Soccer Shielding Guide
Shielding is used commonly in soccer, and is a vital skill to possess. Shielding is basically using your body (legally) to prevent a defender from taking the ball. It may seem one-dimensional, but shielding can be used in many ways. It is a skill every players should master.
Every player will probably use shielding in a match, and if a player doesn’t he should. Shielding, like dribbling allows a single player to keep possession of the ball, a very important part of soccer.
How to Shield
When players start out with shielding, they usually put there back to there defender, put there elbows out, and triumphantly say “Shielding is easy.” Shielding is pretty easy in some ways, but not that easy.
It doesn’t work because defenders can easily get to the ball. Defenders can poke at it through the player’s legs, poke at it from the side, or push the player off of the ball. It may be “okay” sometimes if the player moves his body to block the player, but it is not as efficient as it could be.
The proper technique is as follows:
1. Get in an athletic position
Bend you knees, lower your butt, and stand firmly. The key to shielding is good balance, which a good stance helps with greatly.
2. Stand Sideways.
The only time you will turn your back to a defender is if you are performing a quick drop (backwards) pass. Otherwise, stand sideways.
3. Arms out for balance.
As long as you are not pushing the defender, you can put your arm on him for balance. Keep your opposite arm out for balance.
4. Body against body
When shielding, don’t wait for your opponent to push into you, thus making you lose balance. Stand firm and push back against him aggressively. A good upper body helps with this which you can achieve with proper soccer fitness.
If you feel like you are losing the balance, or the defender is overpowering you, dribble away, or in desperate situations take a dive.
5. Look to pass, dribble, or shoot.
Most of the time you will pass from a shielding position, but there are times when you can break free of your man by pushing him off balance or performing soccer moves and dribble or shoot.
When to Shield
Shield whenever it feels necessary. Players usually don’t have to think about shielding; it just comes naturally when playing.
Common instances of shielding are:
You can’t get past a player
For instance, say that you just cut to the outside of a defender. The defender gets beat enough that he doesn’t steal or kick away the ball, but he stays with you. You will naturally see that you can do nothing in this situation and pull the ball back.
Once you pull the ball back, you will start shielding the ball. You may pass the ball off or do some stop-and-go moves that could allow you to beat that player from your sideway position.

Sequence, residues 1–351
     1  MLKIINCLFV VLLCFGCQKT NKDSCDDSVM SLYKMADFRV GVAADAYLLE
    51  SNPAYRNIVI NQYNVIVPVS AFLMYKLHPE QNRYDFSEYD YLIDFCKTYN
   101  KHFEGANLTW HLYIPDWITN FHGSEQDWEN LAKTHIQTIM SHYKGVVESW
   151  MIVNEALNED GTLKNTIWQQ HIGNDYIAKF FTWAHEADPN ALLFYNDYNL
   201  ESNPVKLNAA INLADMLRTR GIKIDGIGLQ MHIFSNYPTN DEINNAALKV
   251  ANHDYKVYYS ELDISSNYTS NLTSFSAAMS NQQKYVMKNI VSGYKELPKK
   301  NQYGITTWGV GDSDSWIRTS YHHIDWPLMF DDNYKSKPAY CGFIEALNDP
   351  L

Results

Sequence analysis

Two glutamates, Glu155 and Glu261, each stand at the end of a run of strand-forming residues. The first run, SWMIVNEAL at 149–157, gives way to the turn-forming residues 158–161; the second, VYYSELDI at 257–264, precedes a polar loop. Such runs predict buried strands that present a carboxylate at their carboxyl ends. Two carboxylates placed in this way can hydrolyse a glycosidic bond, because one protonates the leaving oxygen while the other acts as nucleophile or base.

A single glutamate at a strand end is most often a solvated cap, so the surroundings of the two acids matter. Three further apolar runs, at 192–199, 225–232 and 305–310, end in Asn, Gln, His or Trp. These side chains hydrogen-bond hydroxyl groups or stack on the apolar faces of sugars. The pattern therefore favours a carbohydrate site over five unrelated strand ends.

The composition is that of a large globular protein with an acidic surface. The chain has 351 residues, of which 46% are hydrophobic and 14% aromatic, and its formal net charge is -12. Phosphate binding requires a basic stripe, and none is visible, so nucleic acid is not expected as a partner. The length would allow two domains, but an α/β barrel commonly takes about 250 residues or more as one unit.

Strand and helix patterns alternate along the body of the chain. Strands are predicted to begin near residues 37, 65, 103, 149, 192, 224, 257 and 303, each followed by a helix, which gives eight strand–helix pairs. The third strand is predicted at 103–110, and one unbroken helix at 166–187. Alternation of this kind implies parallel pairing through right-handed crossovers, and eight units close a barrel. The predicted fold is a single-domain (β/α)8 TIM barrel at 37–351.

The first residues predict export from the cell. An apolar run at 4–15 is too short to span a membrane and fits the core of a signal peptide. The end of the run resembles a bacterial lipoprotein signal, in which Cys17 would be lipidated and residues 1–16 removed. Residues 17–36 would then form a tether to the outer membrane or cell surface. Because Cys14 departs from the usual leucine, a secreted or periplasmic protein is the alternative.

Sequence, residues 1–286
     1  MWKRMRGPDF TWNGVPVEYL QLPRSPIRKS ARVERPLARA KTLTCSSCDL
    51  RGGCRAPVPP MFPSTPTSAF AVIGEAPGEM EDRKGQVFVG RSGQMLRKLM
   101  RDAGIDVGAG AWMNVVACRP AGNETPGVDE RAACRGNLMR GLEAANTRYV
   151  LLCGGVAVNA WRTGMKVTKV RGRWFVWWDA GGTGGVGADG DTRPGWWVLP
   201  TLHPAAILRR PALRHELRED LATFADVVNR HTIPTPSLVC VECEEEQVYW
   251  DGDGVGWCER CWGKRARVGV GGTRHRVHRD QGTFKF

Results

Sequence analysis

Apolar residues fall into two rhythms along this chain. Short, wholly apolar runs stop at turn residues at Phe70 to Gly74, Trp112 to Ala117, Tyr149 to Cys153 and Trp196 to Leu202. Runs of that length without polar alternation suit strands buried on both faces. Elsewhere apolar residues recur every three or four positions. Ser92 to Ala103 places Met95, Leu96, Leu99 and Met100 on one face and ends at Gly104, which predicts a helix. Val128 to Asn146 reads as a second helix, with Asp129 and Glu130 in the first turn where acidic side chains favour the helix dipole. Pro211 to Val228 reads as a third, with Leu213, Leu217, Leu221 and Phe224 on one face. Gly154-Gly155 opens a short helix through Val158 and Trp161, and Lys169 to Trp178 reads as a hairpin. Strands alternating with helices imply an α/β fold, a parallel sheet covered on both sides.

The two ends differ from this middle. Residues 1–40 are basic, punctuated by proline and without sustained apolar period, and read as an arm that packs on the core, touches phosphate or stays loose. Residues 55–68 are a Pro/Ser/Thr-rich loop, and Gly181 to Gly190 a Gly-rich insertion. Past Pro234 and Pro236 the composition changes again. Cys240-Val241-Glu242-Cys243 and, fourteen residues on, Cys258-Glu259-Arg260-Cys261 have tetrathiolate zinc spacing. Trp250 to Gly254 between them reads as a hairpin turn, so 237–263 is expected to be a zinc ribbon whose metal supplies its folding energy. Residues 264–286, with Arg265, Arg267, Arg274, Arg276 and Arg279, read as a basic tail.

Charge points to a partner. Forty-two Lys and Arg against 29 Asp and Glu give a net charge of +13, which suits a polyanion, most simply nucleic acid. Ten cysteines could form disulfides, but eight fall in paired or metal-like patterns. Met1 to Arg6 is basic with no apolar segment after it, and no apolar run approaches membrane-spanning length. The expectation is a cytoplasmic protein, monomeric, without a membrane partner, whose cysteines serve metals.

You have nowhere to go
There are times when dribbling is pointless, and you have no passing options. At this point you will naturally shield the ball while you look for any option.
In a tight spot
When you are in a small area such as the area around the corner flag, you can’t do much more than shield. When shielding in these situations, players usually try to either kick the ball between the defender’s legs (nutmeg), kick it off of a defender, or force the defender to kick the ball out.
In the defending third
Losing the ball in a the defensive side of the field can be devastating, so defenders often shield the ball to safely keep possession of it.
Defenders will then either kick it out or pass the ball.
The ball is going out
When the ball is rolling at a decent pace, players often shield it so that the ball rolls out of play. It is important that the shielder does not touch the ball because that defeats the whole purpose — to regain possession of the ball.
To perform a play
For instance, when performing an overlap the player who holds the ball should shield it.
These are just some of the many situations in which shielding is used. I recommend watching the pros and looking at when the shield to learn about more situations where shielding occurs.
Defenders don’t just stay still and take shielding. In fact, defenders tend to get annoyed when players shield the ball and try harder than ever to take the ball.
The key to shielding efficiently is to know which way the defender marking you is going (which you can accomplish by touching them with your body and arm).
If they move left, move the ball to the right and push hard against them. If they go to between your legs, move the ball away roll the ball away.
When shielding always move.
This will make it very hard for your opponent to steal the ball. I recommend rolling the ball, because you have more precise control over where you move the ball.
Make space for yourself.
When you get enough space turn and cut immediately. Facing your opponent will give you allow you to attack rather than keep the ball.
Efficiently using shielding will greatly improve your game. You will find that you will keep the ball more often; therefore, increasing your teams possession. Shielding is an important aspect of all positions, so practice it often.
You may want to look at SoccerU, an in-depth DVD set that covers shielding and many other aspects of soccer.